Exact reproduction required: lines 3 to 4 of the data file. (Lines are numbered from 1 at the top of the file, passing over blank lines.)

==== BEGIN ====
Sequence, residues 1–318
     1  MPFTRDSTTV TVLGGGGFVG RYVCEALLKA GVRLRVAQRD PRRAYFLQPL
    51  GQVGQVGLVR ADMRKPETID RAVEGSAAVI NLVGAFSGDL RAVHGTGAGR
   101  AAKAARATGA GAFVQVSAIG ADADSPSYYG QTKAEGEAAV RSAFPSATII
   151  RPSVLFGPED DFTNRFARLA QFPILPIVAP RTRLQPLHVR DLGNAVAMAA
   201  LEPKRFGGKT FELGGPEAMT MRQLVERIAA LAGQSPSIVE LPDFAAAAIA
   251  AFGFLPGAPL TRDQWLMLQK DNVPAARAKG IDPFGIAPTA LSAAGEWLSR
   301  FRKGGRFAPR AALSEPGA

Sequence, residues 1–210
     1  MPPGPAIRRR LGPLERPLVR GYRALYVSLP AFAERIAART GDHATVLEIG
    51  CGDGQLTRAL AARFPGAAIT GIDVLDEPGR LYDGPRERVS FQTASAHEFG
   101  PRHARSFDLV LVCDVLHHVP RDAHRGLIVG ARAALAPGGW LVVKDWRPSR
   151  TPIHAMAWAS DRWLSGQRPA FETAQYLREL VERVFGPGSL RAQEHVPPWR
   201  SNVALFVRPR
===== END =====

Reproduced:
    51  GQVGQVGLVR ADMRKPETID RAVEGSAAVI NLVGAFSGDL RAVHGTGAGR
   101  AAKAARATGA GAFVQVSAIG ADADSPSYYG QTKAEGEAAV RSAFPSATII